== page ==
Transplantation of organs: Giving a new life, getting a new Life

Collection Editors

Thierry Berney, Maarten Naesens, Jelena Stojanovic



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Articles coming soon

About this collection

ESOTTransplant International
Organ transplantation was one of the major breakthroughs in medical and surgical sciences of the 20th century. Doctors can now replace kidney, livers, hearts, lungs, and pancreases in patients in whom these organs have failed. Since the first successful organ transplants in the 1950s, the transplant community has improved the surgical techniques and learned to better control organ rejection thanks to powerful new immunosuppressive medications and a better understanding of the mechanisms involved.

Unfortunately, there are not enough organ donors to allow all patients in need of new organs to receive transplants. To address this problem, living donors can help their relatives by giving them a kidney or a part of the liver, for example. Additionally, significant technological advances now allow the reconditioning of donated organs that are of suboptimal quality.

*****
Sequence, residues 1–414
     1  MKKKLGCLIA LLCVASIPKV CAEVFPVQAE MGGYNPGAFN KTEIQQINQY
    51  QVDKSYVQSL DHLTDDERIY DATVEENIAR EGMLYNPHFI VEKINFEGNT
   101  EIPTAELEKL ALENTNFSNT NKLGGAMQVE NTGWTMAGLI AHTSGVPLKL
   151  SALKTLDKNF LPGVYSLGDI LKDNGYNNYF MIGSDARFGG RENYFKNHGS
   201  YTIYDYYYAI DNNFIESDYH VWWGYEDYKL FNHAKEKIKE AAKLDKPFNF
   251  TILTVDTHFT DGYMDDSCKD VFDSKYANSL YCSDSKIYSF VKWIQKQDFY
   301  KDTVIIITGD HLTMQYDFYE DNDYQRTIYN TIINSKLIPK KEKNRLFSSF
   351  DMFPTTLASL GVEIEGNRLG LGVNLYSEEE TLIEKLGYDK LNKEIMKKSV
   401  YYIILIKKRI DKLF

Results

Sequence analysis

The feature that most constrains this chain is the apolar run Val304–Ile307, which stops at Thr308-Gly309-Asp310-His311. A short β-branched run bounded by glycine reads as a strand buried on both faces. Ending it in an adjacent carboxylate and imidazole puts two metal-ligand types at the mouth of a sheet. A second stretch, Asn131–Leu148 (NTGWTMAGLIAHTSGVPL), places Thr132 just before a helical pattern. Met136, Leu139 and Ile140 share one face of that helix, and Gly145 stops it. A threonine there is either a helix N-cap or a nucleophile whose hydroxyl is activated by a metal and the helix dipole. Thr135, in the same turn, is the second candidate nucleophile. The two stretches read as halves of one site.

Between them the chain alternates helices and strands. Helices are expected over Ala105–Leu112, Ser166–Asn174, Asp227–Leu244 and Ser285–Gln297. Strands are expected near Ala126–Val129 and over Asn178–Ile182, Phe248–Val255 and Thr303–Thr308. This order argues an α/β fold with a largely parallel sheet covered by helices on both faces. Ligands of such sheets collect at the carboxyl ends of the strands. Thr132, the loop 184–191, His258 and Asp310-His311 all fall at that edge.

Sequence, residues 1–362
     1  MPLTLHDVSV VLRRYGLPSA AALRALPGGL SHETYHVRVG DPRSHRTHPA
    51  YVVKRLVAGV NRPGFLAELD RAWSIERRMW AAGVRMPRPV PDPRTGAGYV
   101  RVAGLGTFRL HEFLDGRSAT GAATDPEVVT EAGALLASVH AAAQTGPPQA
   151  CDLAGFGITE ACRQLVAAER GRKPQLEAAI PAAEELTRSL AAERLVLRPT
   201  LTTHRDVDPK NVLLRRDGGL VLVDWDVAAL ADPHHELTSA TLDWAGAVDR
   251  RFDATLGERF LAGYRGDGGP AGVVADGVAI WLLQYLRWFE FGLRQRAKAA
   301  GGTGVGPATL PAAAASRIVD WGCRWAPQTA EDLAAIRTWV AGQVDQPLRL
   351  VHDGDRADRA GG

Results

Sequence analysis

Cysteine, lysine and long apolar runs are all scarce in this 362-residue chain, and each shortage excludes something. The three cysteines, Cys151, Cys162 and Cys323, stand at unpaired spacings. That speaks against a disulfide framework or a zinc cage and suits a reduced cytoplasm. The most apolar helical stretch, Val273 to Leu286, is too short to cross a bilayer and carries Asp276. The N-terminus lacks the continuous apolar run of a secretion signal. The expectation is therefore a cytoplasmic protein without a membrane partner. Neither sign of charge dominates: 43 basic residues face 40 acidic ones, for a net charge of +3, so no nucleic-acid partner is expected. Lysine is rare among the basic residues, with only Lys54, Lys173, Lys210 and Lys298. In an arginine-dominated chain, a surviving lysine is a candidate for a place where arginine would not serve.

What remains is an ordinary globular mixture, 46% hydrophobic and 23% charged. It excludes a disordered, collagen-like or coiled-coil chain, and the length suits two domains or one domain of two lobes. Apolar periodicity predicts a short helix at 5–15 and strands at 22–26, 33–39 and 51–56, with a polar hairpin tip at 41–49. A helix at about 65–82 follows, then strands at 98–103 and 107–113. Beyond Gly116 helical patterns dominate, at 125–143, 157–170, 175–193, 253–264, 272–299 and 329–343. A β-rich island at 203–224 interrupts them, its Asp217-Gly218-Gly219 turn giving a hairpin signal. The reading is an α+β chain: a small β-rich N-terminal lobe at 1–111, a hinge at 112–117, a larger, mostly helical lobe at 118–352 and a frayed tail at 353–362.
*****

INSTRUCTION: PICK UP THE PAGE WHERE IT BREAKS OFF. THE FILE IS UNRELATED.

For the future, the fields of regenerative medicine (stem cells) and xenotransplantation (transplantation of animal organs or tissues) promise to further increase the possibilities for replacing failing organs.

Today, all the major life-sustaining organs can be transplanted safely and efficiently. Despite these achievements, organ transplantation is still considered to be a somewhat experimental or even “magical” therapy. The goal of this collection is to introduce young readers to the important aspects of organ transplantation and to answer their questions about the process. In our experience, children and teenagers show a particular interest in this field and are open to new advances.

In this Collection, organ transplantation experts will describe the significant advances made in the field of transplantation medicine over the past few decades.
These articles will explain which organs can be transplanted, which diseases can be treated by transplantation, and how organ transplantation is performed. The Collection will cover diseases affecting children and teenagers that may lead to the need for an organ transplant early in life.
The Collection will also explain how the immune system works and why people who receive transplants tend to reject the transplanted organs. Articles will describe how doctors and scientists have learned to detect rejection early enough to treat it, and how anti-rejection drugs work by controlling the immune system.

All the topics discussed in this Collection are designed for kids interested in understanding this fascinating and constantly evolving domain of medicine!

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